Longitudinal Analysis and Modeling of Video Game Play and Addiction Behaviours

Date
2016
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Abstract
This longitudinal study examined Internet gaming by measuring number of days played per month of a massively multiplayer online role playing game (MMORPG), World of Warcraft (WoW), collected daily for 19 months from 216 participants. This study was an attempt to improve our understanding of long term play of a purportedly addictive game using behavioural rather than self-reports measures alone. Participants also completed online questionnaires that measured demographic, psychosocial and psychiatric variables at three time points during the study. The data was modeled using (a) cross-sectional models and (b) longitudinal models fitted to the entire participant pool and to a subset of higher use participants. The longitudinal growth curve model fitted to the complete pool of participants suggested that monthly WoW days played was related to higher income, more self-reported days playing video games per week, increasing GAIA coping subscale scores, play of a new WoW expansion pack, and higher ranking of WoW among participants‘ favourite games. The longitudinal growth curve model fitted to a subset of participants in the top 75th percentile of total days played suggested that monthly WoW days played was explained by older age, part time student status, expansion pack play, and higher ranking of WoW among participants‘ favourite games. Higher baseline GAIA addiction scores predicted higher monthly WoW days. Unexpectedly, increasing GAIA addiction scores and GAIA coping scores were related to decreasing monthly WoW days played in this subset of participants. Compared to the cross-sectional models, the longitudinal growth curve models allowed for the modeling of autocorrelated observations and play as a series of exposure and adaptation effects, likely in response to new content. The GAIA coping subscale had a robust relationship with WoW play across high and low use participants while the effects of the GAIA addiction full scale were only significant when the bottom 25% of participants by total WoW days played were excluded from the analysis. Results from the cross-sectional and longitudinal models may have implications for assessment and treatment in clinical settings.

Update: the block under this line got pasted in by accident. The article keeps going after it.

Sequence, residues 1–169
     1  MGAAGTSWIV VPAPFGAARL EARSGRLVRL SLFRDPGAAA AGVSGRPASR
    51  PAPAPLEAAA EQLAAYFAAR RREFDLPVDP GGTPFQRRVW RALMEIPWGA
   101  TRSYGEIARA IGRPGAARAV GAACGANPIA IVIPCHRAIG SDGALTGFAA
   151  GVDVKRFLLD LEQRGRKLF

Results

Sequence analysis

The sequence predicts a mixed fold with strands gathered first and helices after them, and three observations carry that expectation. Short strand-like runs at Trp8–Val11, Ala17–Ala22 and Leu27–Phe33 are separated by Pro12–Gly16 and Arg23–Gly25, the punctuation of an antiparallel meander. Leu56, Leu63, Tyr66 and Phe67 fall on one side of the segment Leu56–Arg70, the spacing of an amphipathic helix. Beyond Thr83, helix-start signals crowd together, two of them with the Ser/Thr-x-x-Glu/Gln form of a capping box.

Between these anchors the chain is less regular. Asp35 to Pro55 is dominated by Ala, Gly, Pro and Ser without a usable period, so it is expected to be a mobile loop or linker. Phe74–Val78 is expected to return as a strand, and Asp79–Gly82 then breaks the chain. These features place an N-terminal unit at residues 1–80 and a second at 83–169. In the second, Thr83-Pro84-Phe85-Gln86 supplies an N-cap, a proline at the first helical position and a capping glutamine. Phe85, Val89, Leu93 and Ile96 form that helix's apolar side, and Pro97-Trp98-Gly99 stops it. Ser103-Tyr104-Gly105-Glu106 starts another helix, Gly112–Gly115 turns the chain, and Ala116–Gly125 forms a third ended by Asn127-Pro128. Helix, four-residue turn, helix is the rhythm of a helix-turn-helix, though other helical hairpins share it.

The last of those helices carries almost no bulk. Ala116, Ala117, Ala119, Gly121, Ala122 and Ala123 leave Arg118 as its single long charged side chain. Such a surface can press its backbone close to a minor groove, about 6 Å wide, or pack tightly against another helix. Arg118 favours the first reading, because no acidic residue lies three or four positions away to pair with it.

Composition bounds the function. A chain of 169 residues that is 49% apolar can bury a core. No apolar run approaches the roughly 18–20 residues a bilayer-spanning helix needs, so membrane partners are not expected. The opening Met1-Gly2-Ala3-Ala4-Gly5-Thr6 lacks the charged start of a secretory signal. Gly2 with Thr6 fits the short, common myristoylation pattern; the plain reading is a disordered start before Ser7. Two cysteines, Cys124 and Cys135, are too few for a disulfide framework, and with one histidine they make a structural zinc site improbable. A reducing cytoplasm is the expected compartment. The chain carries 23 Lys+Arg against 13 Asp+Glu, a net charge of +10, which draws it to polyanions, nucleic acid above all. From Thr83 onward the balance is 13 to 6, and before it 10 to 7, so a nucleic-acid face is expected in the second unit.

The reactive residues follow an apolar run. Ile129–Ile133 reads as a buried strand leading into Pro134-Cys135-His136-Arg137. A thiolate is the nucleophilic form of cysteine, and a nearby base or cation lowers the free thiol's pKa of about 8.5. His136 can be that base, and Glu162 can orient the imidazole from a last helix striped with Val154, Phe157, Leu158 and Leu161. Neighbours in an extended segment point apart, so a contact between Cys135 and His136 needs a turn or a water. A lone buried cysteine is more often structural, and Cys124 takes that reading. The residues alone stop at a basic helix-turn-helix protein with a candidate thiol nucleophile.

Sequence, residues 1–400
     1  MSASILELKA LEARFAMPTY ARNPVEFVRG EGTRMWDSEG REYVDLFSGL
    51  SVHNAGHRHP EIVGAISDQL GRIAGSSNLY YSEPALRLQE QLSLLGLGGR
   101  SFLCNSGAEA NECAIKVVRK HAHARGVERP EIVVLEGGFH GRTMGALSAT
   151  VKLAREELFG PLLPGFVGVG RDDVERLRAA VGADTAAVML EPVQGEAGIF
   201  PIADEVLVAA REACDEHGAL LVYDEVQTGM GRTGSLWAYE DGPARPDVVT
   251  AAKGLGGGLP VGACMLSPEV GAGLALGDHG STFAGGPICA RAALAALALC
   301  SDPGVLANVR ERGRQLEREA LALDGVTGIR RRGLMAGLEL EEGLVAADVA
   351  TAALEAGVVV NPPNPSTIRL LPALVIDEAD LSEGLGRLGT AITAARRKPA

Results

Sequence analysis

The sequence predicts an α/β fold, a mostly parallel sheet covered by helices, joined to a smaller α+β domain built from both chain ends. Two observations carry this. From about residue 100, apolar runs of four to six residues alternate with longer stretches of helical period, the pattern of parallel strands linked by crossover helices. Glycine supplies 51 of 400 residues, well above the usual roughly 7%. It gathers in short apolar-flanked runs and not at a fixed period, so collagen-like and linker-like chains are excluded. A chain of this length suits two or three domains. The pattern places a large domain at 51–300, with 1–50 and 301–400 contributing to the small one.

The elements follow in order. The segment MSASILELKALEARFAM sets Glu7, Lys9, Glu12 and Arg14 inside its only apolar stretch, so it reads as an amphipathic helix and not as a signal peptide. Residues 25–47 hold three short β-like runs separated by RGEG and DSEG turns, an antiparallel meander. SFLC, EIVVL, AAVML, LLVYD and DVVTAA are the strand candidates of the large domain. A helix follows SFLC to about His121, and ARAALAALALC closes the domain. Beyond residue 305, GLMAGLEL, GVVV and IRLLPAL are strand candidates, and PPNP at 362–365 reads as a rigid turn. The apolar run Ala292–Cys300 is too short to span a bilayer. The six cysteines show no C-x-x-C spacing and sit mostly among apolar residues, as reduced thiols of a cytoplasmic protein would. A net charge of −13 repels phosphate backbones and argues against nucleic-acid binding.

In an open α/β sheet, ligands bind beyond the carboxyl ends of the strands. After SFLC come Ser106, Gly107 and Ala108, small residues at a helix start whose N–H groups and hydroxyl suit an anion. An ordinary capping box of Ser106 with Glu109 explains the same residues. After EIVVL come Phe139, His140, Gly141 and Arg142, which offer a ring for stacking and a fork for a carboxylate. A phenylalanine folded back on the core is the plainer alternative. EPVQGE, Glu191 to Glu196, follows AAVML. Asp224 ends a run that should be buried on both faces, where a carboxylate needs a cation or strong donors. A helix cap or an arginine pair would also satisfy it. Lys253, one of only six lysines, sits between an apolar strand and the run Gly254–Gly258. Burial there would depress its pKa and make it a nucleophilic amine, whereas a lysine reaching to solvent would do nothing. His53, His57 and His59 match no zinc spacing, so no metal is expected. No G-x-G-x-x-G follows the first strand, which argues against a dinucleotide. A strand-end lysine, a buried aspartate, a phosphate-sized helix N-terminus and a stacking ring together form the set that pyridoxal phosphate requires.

Description
Keywords
Psychology--Behavioral, Psychology--Clinical, Psychology--Social
Citation
Wong, U. (2016). Longitudinal Analysis and Modeling of Video Game Play and Addiction Behaviours (Doctoral thesis, University of Calgary, Calgary, Canada). Retrieved from https://prism.ucalgary.ca. doi:10.11575/PRISM/26782